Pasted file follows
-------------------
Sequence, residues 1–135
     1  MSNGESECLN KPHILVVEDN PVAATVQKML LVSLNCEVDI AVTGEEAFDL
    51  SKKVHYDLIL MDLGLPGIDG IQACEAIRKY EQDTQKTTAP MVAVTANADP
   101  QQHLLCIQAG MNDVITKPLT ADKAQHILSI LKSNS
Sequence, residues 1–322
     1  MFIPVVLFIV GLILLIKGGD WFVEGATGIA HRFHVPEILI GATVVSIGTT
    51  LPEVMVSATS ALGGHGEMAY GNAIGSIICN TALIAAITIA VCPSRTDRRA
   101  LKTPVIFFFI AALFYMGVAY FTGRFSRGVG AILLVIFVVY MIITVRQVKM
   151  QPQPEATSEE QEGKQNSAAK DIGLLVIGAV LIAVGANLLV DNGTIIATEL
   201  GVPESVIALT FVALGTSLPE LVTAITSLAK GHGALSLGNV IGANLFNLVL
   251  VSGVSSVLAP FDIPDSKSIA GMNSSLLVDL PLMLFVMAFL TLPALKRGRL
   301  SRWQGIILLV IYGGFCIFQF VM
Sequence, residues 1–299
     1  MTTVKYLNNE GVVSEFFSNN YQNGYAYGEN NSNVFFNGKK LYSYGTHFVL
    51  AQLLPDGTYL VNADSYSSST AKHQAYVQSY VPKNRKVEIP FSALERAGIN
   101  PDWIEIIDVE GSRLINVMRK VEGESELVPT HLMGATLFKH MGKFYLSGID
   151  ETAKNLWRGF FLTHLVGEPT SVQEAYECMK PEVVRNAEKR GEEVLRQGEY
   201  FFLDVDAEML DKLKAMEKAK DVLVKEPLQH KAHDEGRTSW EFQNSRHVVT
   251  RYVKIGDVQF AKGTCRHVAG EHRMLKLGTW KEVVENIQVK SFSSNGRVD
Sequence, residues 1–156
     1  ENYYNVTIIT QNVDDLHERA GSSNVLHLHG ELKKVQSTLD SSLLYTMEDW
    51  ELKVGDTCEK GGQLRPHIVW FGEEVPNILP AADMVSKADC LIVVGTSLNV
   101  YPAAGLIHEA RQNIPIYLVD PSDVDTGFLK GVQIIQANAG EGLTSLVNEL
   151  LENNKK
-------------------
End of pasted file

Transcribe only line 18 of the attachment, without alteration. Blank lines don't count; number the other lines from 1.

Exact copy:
   201  FFLDVDAEML DKLKAMEKAK DVLVKEPLQH KAHDEGRTSW EFQNSRHVVT